Lakecaster Online

OF BASS & GALS
By: Sue Crochet

Things are pretty hot right now; the weather, that is. Fishing, on the other hand, is generally not so "hot" in the heat of the summer. Typically, largemouth bass will be most active before sunrise and at sunset, especially if you're predominantly a shallow water angler. Night fishing is very popular this time of the year, particularly in fishing clubs. Personally, I like prefer sleeping at night!

Nighttime angling is usually preferred when there is a full moon to aid in maneuvering the lake more safely. Therefore, most fishing clubs will schedule their tournaments when the moon is at its fullest. However, there's no guarantee that weather conditions will allow the moon to be visible, so night fishing can be very dangerous. If you're on the lake at night this summer, be sure to wear your life jacket and use your running lights.

For many years, and still today, many boats were not equipped to use radios or communication equipment. The popularity and relatively inexpensive nature of cell phones has made it possible for virtually anyone to have a means of communication in their boat. If you plan to be very far offshore, you should consider having some form of communication in your boat. Make sure it's charged! If you're going to be anywhere from 2-5 miles offshore, a 2-way radio can be very effective and a less expensive means of maintaining contact with someone in case of an emergency. Either way, you can never be too safe.

Even when fishing at night, during the summer months it's still important to have plenty water in your boat. Particularly during the months of July and August, temperatures at night will sometimes remain in the 70s or 80s. This means you'll be sweating and need to replenish fluids, so make sure you're prepared. Lack of hydration can cause many irreversible health problems and is so easy to prevent.

These days there are several types of fatal diseases being carried by mosquitoes. Another critical item to have in your boat when fishing any time in southwest Louisiana and southeast Texas is some type of insect repellant. There are many good brands on the market, but my husband and I have found that products with a high percentage of Deet in them seem to be more effective than others. If you have very sensitive skin, you may want to take the time to experiment with different products on small areas of your skin before applying it to your entire body.

If you're allergic or very sensitive to these types of products, you can still fish. Outdoor clothing manufacturers have many products on the market that repel insects and/or protect your skin. These include lightweight, long sleeve shirts and long pants, netting to slip over your face, and gloves to protect your hands. This would require that you wear more clothing, but if you love to fish is definitely the way to go!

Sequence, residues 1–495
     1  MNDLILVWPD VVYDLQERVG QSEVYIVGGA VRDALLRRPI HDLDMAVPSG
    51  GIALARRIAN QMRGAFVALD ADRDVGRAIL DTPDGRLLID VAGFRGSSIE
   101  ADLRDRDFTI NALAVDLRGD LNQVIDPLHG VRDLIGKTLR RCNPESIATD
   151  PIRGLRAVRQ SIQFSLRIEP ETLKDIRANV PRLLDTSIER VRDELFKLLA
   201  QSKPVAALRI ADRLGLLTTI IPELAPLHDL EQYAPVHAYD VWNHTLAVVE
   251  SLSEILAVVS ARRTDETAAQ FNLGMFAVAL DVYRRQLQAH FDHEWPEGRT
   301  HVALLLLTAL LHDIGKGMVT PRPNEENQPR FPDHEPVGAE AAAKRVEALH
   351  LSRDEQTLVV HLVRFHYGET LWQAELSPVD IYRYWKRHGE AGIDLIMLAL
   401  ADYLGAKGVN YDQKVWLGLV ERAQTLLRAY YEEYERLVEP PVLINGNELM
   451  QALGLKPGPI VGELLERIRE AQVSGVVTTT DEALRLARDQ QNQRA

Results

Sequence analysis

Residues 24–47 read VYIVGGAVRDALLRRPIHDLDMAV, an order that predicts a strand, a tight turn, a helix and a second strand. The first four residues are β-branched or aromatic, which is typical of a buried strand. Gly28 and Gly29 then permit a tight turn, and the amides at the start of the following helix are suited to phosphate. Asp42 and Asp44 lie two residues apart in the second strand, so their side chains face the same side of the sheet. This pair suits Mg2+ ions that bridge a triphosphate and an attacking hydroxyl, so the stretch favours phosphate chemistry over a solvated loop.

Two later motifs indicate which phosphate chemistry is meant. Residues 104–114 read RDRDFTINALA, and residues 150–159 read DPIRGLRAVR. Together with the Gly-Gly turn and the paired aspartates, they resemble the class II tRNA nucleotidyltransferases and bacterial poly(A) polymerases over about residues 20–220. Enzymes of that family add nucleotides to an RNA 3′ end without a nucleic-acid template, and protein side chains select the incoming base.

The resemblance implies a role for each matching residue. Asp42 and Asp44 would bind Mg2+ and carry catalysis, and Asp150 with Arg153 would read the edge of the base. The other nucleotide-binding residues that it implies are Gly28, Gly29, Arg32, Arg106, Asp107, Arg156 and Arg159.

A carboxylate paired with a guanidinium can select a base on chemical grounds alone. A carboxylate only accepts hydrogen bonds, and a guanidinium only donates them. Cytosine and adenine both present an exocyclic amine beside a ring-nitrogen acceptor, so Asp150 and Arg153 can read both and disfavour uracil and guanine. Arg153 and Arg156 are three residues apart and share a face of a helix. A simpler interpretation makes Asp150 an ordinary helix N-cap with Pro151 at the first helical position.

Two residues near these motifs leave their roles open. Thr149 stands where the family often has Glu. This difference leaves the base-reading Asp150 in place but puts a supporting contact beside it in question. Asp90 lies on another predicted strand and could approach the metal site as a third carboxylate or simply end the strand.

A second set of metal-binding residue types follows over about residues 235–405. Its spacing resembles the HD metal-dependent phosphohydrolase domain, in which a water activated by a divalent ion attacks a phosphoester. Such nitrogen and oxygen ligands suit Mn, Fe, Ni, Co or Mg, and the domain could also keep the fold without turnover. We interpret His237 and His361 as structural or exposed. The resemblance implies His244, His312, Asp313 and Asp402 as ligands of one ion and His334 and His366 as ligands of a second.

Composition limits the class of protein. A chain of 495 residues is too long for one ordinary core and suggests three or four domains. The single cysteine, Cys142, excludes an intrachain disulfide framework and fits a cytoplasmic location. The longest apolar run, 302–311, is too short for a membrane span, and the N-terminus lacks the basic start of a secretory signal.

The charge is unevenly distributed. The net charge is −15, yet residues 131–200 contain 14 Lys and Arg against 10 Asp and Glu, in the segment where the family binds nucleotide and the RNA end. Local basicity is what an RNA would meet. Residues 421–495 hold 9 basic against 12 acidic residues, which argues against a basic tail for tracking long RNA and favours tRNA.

How about where to go and what lures to use when fishing at night? Although I prefer sleeping to fishing at night, I have had some experience in this area. Actually, very early in my fishing "career" my first 5-pound largemouth bass was caught at night. Main lake points and humps are usually prime areas to fish for largemouth at night, primarily due to more visibility. This would be particularly true if you prefer fishing with plastics over topwater lures. Dark colored plastic worms are best suited for nighttime angling, because they are more visible to the fish against the background light of the moon. Attractants like rattles and scents are also helpful to the fish in locating the lures and will usually make them hold onto the lure longer.

Main lake flats with some type of structure (grass or stumps) would be my choice for fishing topwater lures, such as a Zara Spook, Cyclone buzzbait, or Pop-R. Since visibility is generally poor, you have to rely heavily on your senses of hearing and feel. There's nothing more exciting than seeing a fish explode on a topwater lure, but to hear it and not see it can make your heart fall to your ankles! Just remember... don't set the hook until you feel the fish.

One thing's for sure... you probably won't see me out there at night. But, if you have a good night fishing trip, I'd sure love to hear about it. My e-mail address and contact numbers are below. God bless and good fishing!

The Lake Area Lady Anglers have scheduled tournaments through the end of this year. They are posted below for your convenience. If you are female and at least 18 years of age, love to fish, have fun, and meet new people, please give me a call.

E-Mail: cbasskitten2@cs.com   Phone: (337) 217-9283

Back to Lakecaster Online contents